Propensity Score Matching (PSM)

You must cite this article if you use its information in other circumstances. An example of citing this article is:
Ronny Gunnarsson. Propensity Score Matching (PSM) [in Science Network TV]. Available at: https://science-network.tv/propensity-score-matching/. Accessed November 22, 2019.
Suggested pre-reading What this web page adds
  1. Introduction to statistics
  2. Observations and variables
  3. Inferential statistics
  4. Choosing statistical analysis
This web-page provides an introduction to propensity score matching. Reading this will give you an understanding of when this statistical test is appropriate and what it does.

Comparing groups, and especially comparing outcome of different interventions, require some kind of randomisation. The main purpose of the randomization is to eliminate the possibility that there is some kind of selection bias guiding allocation to groups and that this bias is also related to the outcome. Any selection bias will distort the results and the main purpose of randomization is to eliminate this. Consequently randomized controlled trials are considered to be the best way to evaluate effects of different treatments. However, randomization is not always ethical or possible and the only way is to use existing retrospective observations.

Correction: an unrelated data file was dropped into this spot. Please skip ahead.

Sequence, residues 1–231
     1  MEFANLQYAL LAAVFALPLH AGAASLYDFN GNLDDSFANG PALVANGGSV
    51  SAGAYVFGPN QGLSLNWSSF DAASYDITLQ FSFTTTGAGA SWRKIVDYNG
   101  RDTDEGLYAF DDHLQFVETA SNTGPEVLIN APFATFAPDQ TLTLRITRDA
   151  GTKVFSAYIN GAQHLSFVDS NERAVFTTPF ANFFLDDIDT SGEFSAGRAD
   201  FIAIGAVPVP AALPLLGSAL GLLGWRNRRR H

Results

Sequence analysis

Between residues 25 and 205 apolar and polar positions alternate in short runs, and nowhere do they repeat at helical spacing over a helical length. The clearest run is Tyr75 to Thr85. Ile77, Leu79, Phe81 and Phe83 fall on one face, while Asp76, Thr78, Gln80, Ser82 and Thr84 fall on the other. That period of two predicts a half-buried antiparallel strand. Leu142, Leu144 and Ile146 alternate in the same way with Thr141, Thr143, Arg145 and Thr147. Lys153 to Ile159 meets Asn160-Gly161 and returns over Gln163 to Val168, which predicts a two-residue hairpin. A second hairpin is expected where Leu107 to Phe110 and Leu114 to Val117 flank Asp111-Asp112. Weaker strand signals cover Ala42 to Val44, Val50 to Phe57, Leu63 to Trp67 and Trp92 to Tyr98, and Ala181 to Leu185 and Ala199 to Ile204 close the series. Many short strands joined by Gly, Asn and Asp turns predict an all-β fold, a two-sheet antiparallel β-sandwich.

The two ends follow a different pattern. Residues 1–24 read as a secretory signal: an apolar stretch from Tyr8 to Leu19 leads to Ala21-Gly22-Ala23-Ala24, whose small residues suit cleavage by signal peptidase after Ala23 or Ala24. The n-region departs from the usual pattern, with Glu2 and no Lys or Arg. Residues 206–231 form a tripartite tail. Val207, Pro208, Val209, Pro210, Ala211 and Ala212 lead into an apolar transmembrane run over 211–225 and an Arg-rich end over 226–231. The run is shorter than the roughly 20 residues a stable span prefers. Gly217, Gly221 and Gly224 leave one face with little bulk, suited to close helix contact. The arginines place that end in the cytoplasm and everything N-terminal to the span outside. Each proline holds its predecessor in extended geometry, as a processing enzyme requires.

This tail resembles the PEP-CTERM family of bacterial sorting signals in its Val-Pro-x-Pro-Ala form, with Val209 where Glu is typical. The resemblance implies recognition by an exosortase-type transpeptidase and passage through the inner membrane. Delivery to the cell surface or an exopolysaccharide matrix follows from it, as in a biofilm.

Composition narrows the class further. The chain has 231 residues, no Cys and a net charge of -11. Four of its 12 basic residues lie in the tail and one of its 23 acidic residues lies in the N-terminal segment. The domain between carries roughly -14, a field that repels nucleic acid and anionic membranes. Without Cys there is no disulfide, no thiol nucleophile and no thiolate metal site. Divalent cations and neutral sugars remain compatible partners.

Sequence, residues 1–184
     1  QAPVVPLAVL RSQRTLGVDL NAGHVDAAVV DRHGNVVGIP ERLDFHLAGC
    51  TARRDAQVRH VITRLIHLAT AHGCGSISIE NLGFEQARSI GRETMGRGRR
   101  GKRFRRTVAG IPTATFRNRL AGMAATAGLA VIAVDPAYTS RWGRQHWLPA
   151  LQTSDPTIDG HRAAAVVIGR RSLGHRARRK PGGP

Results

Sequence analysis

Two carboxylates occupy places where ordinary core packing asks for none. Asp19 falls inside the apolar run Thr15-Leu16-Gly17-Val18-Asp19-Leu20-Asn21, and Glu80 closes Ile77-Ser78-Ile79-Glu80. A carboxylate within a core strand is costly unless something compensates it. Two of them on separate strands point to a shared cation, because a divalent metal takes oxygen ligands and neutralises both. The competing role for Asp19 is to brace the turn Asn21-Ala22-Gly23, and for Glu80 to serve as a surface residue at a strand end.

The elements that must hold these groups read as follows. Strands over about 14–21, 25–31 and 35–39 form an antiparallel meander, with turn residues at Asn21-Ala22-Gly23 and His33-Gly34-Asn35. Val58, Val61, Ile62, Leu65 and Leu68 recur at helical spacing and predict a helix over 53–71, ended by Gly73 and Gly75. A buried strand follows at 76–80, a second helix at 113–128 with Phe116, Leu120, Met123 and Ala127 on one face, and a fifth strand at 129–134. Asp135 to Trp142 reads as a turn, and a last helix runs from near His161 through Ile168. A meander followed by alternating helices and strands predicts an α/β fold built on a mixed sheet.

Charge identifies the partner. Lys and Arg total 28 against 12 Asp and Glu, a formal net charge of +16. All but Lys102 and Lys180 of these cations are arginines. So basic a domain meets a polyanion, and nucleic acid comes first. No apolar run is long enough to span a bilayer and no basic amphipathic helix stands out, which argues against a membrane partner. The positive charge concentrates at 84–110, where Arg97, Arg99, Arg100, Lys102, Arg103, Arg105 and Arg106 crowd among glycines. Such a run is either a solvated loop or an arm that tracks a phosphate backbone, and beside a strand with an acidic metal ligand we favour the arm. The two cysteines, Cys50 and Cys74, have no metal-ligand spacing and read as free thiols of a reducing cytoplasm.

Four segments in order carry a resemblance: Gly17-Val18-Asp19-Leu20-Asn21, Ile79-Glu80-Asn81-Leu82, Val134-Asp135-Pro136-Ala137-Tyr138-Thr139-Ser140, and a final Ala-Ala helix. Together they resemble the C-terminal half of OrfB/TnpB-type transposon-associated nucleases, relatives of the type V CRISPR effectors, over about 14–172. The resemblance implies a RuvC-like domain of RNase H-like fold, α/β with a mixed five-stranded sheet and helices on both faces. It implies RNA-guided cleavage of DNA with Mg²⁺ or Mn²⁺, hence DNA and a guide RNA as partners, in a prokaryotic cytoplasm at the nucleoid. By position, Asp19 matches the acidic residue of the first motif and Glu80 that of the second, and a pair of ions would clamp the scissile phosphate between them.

Traditionally retrospective observations has been analysed using multivariable regression where treatment allocation has been one of many independent variables. Propensity score matching (PSM) is a new technique allowing retrospective data to be used for group comparisons estimating effect of a treatment. PSM can be done in several different ways . It has been argued that PSM is slightly better than multivariate regression for the purpose of comparing effect between different interventions .

The main downside with PSM is that it can only adjust for effect modifiers or confounding variables that has been measured and registered. There may be other effect modifiers and confounding variables at play that was never measured in the retrospective data set. Hence, caution is required when interpreting data from studies using PSM.

(This page is still under construction. Sorry for the inconvenience.)

References

1.
Austin PC. An Introduction to Propensity Score Methods for Reducing the Effects of Confounding in Observational Studies. Multivariate Behavioral Research [Internet]. 2011 May 31 [cited 2018 Jan 28];46(3):399–424. Available from: https://doi.org/10.1080/00273171.2011.568786
You must cite this article if you use its information in other circumstances. An example of citing this article is:
Ronny Gunnarsson. Propensity Score Matching (PSM) [in Science Network TV]. Available at: https://science-network.tv/propensity-score-matching/. Accessed November 22, 2019.

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